Insertion of 0.035-inch diameter guide-wire into the papilla directly or advancing the guide-wire through the sphincterotome inserted into the papilla for deep biliary cannulation reduces the risk of post-ERCP pancreatitis due to promotion of selective primary cannulation. This method may namely diminish traumatic injury to the pancreatic duct and hydrostatic pressure increase associated with injection of contrast material. Therefore, the guide wire-assisted technique is advised for deep biliary cannulation by the ESGE guideline (Dumonceau et al. 2010). However, in a prospective randomised trial this technique was associated with a lower rate of post-ERCP pancreatitis only with the exception of cases where the technique was performed in patients with sphincter of Oddi dysfunction or where unintentional pancreas guide wire cannulation occurred (Lee et al 2009).
6.2. Pharmacological agents
Several agents have been tested experimentally and in clinical trials for potential efficacy in the prevention of ERCP induced pancreatitis. Chemoprevention studies have targeted the following mechanism of action: reduction of pancreatic secretion, prevention of intra-acinar trypsinogen activation, interruption of inflammatory cascade, relaxation of sphincter of Oddi, and prevention of infection. The majority of the investigated pharmacological agents appeared promising in initial randomised single-centre clinical studies however, conflicting results were obtained from larger multi-centre trials (Table 3.).
|Gabexate mesilate||Conflicting data|
|Botulinum toxin intrapapillary||No|
|Ceftazidime||Need for more trials|
|Indomethacin||Yes, but need for more trials|
|Diclofenac||Yes, but need for more trials|
6.2.1. Reduction of pancreatic enzyme secretion
Somatostatin and its long-acting analogue ocreotide affect the exocrine function of the pancreas directly by reducing the secretion of digestive enzymes and indirectly by inhibiting the production of secretin and cholecystokinin. According to a meta-analysis pooling the data from ten high-quality randomised controlled trials it can be concluded, that somatostatin did not influence the overall incidence of post-ERCP pancreatitis (Dumonceau et al. 2010). Although a significant risk reduction of post-ERCP pancreatitis was found in four randomised controlled trial, when somatostatin was administered in continuous infusion for longer than 12 hours, and in two studies, when somatostatin was given as a single bolus, the question is yet open, weather using specific dose-schedules somatostatin might be more efficacious (Arvanatidis et al. 2004).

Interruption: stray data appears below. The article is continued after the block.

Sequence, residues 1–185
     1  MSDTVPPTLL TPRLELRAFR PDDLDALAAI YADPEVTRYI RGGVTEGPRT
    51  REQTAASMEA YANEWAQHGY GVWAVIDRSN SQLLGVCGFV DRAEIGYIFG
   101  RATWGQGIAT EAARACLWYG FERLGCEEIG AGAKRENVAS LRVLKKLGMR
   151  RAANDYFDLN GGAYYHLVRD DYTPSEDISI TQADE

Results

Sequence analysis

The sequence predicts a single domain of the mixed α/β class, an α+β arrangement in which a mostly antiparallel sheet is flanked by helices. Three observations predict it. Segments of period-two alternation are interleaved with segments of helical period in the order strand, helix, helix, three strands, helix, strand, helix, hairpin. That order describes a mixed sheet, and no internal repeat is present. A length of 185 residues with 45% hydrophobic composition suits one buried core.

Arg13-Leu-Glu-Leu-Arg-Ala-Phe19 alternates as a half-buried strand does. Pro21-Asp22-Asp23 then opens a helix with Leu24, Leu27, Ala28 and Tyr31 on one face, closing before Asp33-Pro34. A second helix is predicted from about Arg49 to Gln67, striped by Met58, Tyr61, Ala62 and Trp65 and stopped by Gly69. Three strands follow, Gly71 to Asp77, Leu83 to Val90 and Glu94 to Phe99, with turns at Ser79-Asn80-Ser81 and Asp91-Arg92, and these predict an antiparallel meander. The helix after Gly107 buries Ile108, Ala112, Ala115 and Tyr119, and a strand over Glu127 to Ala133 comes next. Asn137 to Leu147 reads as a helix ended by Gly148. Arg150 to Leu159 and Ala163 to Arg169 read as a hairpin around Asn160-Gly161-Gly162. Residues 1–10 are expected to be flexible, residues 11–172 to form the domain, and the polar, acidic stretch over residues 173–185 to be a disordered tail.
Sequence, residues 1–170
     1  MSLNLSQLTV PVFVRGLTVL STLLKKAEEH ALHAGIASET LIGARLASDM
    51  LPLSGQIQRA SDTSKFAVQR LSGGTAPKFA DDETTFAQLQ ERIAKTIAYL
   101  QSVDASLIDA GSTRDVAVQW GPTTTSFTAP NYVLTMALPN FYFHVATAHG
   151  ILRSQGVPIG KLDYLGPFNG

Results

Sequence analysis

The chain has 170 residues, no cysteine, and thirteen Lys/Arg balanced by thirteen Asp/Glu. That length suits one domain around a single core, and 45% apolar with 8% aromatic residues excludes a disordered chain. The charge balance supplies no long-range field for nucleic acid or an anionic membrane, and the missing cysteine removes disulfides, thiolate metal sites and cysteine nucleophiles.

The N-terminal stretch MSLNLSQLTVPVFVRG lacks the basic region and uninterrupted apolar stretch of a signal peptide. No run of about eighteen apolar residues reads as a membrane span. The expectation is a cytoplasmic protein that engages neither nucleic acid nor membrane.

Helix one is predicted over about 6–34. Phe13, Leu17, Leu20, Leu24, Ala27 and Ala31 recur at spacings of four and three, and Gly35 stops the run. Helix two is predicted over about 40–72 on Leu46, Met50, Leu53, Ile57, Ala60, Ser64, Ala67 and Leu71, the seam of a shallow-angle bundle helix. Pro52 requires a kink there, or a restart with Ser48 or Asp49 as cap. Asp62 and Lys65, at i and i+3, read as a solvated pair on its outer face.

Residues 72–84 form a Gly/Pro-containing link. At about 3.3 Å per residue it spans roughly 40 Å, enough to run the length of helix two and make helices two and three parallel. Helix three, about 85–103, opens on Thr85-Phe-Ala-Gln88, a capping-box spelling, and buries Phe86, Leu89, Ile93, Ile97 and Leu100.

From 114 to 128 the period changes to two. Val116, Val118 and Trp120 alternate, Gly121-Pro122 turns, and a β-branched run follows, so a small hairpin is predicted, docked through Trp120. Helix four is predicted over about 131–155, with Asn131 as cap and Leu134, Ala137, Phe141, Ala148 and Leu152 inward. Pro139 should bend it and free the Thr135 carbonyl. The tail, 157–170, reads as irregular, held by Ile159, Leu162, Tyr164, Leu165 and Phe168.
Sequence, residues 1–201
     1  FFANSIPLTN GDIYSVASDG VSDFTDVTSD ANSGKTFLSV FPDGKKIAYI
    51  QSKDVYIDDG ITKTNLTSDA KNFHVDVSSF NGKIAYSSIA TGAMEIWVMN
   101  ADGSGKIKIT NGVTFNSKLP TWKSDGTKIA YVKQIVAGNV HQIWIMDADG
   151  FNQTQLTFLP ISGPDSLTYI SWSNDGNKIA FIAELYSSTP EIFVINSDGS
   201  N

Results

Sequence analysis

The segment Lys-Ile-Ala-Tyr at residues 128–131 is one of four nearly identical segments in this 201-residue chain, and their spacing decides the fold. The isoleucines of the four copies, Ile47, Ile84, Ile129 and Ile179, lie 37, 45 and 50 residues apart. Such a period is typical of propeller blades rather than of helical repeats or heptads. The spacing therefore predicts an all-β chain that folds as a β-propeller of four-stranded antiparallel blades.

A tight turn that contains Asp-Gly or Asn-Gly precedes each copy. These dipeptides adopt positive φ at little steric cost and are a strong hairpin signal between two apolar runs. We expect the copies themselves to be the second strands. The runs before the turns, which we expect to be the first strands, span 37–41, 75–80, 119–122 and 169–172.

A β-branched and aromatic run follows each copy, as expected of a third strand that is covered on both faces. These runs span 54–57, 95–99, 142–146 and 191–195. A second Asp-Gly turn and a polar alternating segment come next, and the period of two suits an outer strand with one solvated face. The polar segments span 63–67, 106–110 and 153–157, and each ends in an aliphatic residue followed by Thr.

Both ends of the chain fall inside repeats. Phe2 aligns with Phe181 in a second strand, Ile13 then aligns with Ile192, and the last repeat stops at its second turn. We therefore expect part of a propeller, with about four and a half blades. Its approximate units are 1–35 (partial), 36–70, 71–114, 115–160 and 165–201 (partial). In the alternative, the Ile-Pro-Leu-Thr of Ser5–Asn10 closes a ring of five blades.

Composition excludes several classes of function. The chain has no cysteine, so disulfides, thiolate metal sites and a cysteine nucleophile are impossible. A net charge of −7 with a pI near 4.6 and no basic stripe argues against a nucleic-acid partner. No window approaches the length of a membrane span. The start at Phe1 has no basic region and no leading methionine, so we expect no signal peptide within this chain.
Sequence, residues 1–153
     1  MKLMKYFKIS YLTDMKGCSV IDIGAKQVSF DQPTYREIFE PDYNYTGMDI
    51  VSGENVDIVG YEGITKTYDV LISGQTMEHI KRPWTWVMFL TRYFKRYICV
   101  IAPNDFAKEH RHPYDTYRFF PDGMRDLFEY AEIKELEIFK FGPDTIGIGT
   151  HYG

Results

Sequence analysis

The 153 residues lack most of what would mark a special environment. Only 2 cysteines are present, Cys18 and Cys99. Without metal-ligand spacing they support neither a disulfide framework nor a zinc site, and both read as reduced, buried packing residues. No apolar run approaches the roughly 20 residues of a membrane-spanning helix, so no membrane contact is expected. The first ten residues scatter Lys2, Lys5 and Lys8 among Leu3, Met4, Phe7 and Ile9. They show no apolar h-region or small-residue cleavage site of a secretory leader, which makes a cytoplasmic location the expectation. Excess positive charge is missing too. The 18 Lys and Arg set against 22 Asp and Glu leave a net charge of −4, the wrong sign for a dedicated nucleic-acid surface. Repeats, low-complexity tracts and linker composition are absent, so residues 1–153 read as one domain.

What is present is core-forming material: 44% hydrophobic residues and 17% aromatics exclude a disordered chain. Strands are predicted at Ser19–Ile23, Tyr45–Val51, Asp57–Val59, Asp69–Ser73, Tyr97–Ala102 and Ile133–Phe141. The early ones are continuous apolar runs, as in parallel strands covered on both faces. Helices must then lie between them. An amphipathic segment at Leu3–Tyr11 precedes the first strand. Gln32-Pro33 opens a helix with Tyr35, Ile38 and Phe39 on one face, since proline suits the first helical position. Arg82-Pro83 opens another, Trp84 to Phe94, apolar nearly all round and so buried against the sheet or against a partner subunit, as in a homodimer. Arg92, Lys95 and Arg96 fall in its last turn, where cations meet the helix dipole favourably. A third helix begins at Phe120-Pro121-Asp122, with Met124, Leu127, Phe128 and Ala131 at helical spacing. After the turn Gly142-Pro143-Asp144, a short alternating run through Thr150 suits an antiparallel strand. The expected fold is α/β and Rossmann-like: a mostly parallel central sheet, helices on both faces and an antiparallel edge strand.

Concerning the long-acting somatostatin analogue ocreotide the same conclusion can be drawn based on an ad hoc meta-analysis of eight randomised controlled trials (Dumonceau et al. 2010). Octreotide can reduce the ERCP-induced hyperamylasemia, but this effect can only be shown, if endoscopic sphincterotomy is simultaneously performed (Tulassay et al. 1997). Octreotide increases namely the tone of the sphincter of Oddi, and therefore this partial beneficial effect of the reduced enzyme secretion may be effective only with sphincterotomy together. Some data suggest that the effect of octreotide may be dose-dependent and more than 0.5 mg of octreotide may be beneficial (Zhang Y et al. 2009), but it should yet be clarified in future studies.
6.2.2. Protease inhibitors
Antiprotease agents were tested for prophylaxis of post-ERCP pancreatitis with the purpose of prevention of intra-acinar trypsinogen activation to trypsin and that of the subsequent inflammatory cascade. Gabexate mesilate in six randomised controlled trials, while ulanistatin in four randomised controlled trials have been evaluated. Furthermore, the prophylactic effect of gabexate with ulanistatin was compared in two clinical trials. The results can be summarised by stating that, although there is a small risk reduction, particularly in the ulanistatin subgroup, there is no solid evidence that antiprotease drugs significantly influence the incidence of post-ERCP pancreatitis. The same conclusion can be drawn from a recently published meta-analysis (Seta & Noguchi 2011) on the basis of which it can be stated that the primary studies were not of high quality enough to come to the proper consequences. Nevertheless, protease inhibitors are costly.
6.2.3. Sphincter relaxants
Nitroglycerin (glycerine trinitrate) proved to be effective in some reports, but ineffective in others. Based on two meta-analyses (Bang et al. 2009, Shao et al. 2010) of pooled data from five randomised controlled trials it can be concluded that nitroglycerin administered orally or sublingual may reduce the incidence of post-ERCP pancreatitis, but transdermal nitroglycerin is ineffective. The use of nitroglycerin is often associated with transient hypotension and headache, therefore the ESGE guideline does not recommend its routine use in the prophylaxis of post-ERCP pancreatitis (Dumonceau et al. 2010).
Nifedipin was also tested, because calcium channel blockers have proved to be effective in the prevention of experimental pancreatitis. In clinical trials, however, nifedipin failed to show a significant effect in the prevention of post-ERCP pancreatitis (Prat et al. 2002).
Other drugs (lidocaine spray, epinephrine spray, Botulinum toxin injected intrapapillary) tested with the intention of reducing the sphincter of Oddi pressure failed to show any efficacy (Gorelick et al. 2004, Matsushita et al. 2009, Schwartz et al. 2004).
There is only a single study evaluating the ceftazidime for prophylaxis of post-ERCP pancreatitis. This antibiotic was given in a dose of 2 g intravenously 30 min prior to the investigation and a significant reduction in the incidence of post-ERCP pancreatitis was observed (Raty et al. 2001). Further data are necessary to establish the real place of antibiotics in the prevention of ERCP-related pancreatitis.